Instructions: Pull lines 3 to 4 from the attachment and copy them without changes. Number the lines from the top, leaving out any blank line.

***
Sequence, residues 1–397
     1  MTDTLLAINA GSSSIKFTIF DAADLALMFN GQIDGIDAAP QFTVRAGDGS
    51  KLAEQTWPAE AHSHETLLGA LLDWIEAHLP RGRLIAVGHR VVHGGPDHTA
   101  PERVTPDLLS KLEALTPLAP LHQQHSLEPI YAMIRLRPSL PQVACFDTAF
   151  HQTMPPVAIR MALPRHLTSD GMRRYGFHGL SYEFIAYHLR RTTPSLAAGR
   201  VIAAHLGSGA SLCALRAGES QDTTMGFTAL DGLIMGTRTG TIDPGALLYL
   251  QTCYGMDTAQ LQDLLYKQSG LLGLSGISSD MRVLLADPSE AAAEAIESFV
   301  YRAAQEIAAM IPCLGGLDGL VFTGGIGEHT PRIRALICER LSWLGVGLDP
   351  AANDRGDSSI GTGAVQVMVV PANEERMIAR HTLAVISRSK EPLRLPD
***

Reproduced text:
    51  KLAEQTWPAE AHSHETLLGA LLDWIEAHLP RGRLIAVGHR VVHGGPDHTA
   101  PERVTPDLLS KLEALTPLAP LHQQHSLEPI YAMIRLRPSL PQVACFDTAF